Boeing and Icelandair have celebrated the delivery of the airline’s first 737 MAX as the Icelandic carrier seeks to grow and renew its fleet and enhance its trans-Atlantic operations.
The MAX, a new and improved version of Boeing’s 737 airplane, will join Icelandair’s fleet of Boeing 757 and 767 jets in serving destinations throughout North America and Europe.
Icelandair placed an order for 16 737 MAXs in 2013, including the MAX 8 and larger MAX 9 models.
Both airplanes offer airlines exceptional performance with lower seat-mile costs and more range (up to 3,515 nautical miles or 6,510 kilometres) to open new routes profitably.
“The arrival of the new aircraft represents a milestone, the start of the renewal of our fleet which is an exciting undertaking for Icelandair,” said Björgólfur Jóhannsson, chief executive, Icelandair.
“The MAX will be an excellent addition to our fleet of Boeing 757s and 767s and increase both flexibility and capacity for the growth of our network, through added frequencies and new destinations.”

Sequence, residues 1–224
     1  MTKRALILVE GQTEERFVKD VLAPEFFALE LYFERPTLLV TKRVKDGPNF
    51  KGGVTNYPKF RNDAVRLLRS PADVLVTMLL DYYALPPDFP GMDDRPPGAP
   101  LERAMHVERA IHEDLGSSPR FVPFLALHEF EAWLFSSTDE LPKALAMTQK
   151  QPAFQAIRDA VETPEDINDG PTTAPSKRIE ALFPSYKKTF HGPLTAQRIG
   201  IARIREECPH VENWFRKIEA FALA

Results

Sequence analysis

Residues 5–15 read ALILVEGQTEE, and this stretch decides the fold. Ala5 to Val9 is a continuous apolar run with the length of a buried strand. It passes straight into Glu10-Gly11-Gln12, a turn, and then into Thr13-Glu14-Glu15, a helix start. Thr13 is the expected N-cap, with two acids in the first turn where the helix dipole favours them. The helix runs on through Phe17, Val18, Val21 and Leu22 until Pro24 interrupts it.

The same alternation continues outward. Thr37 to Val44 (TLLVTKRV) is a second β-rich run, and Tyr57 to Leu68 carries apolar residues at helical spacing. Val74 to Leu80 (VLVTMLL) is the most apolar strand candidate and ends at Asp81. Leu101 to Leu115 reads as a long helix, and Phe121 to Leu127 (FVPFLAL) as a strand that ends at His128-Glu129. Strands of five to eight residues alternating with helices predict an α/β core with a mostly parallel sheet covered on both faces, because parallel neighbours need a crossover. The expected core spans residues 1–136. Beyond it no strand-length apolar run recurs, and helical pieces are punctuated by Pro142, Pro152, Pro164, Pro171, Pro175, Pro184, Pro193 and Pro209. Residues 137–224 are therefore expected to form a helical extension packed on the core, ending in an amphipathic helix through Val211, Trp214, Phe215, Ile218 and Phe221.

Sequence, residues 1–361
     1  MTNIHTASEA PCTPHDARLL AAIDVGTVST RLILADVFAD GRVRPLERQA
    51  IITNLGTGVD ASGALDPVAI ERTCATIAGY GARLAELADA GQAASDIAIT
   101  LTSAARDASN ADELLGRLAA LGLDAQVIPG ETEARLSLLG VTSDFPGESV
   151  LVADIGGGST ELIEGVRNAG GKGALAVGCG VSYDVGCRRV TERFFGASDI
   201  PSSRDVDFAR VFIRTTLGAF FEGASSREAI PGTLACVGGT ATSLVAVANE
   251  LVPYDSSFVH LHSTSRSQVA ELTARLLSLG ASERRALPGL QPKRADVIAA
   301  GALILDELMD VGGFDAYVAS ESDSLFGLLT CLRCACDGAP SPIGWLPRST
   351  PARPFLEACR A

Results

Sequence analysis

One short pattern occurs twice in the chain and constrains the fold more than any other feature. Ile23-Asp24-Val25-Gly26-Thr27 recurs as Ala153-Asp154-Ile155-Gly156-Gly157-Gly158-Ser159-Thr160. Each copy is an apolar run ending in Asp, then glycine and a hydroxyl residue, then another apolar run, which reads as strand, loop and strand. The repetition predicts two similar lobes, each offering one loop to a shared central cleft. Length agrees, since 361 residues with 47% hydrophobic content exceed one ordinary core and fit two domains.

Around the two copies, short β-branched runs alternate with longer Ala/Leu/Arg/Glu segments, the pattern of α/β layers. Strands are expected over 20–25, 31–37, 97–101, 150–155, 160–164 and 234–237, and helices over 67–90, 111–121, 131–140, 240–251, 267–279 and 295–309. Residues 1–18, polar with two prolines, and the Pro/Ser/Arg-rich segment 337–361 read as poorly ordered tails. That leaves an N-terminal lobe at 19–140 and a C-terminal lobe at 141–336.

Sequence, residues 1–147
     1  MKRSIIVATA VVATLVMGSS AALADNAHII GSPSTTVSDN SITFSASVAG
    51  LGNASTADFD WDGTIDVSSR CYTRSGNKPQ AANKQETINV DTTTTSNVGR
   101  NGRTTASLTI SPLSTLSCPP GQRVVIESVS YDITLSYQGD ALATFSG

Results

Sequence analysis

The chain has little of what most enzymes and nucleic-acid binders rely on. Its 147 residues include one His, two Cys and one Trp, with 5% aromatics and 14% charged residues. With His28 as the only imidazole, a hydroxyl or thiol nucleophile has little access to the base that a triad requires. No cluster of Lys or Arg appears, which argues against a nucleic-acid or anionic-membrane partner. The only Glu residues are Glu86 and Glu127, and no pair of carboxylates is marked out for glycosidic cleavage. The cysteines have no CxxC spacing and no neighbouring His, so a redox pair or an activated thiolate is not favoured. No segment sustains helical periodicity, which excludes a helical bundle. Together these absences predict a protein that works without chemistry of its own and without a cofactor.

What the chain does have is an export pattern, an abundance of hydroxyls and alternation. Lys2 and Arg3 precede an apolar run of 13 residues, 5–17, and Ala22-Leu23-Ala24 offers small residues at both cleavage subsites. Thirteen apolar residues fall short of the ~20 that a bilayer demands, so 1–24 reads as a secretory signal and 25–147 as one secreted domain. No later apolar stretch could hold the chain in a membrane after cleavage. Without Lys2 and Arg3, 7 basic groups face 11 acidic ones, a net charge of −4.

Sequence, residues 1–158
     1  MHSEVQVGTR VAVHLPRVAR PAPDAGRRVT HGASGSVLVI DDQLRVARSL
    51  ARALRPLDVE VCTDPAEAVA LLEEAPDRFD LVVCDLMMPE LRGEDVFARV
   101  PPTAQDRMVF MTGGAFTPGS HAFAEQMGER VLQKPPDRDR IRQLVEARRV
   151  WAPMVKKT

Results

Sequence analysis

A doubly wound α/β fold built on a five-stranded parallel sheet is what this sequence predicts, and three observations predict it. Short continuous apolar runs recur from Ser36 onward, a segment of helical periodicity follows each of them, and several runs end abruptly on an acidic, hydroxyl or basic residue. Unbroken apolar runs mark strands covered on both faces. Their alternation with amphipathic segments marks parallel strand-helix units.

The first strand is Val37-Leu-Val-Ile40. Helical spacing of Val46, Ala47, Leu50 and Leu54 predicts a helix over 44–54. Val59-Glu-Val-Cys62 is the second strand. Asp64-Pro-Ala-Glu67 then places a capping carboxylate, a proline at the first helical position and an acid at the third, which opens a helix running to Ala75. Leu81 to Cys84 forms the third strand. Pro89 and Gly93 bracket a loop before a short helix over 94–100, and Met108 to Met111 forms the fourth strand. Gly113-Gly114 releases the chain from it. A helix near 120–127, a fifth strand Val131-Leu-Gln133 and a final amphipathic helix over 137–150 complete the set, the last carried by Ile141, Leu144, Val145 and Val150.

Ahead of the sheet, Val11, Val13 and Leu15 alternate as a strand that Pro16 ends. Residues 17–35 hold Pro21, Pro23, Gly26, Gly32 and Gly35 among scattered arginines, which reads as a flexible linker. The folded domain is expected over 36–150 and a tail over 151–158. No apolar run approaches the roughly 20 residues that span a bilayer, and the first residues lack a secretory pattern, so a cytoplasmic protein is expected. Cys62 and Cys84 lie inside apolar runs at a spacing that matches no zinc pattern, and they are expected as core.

The 737 MAX family is powered by CFM International LEAP-1B engines and includes design updates such as Boeing’s Advanced Technology winglet that will result in less drag and further optimize the 737 MAX performance, especially on longer-range missions.
Together, these improvements reduce fuel use and CO2 emissions by at least 14 per cent compared to today’s Next-Generation 737s – and by 20 per cent more than the single-aisle airplanes they replace.
“The 737 MAX will complement Icelandair’s trans-Atlantic operations, continuing to seamlessly link points between North America and Europe,” said Monty Oliver, vice-president of Europe sales, Boeing Commercial Airplanes.
“The incredible operating efficiencies of the 737 MAX family will allow Icelandair to steadily and profitably grow its network in the coming years as it introduces both MAX 8s and MAX 9s into its fleet.”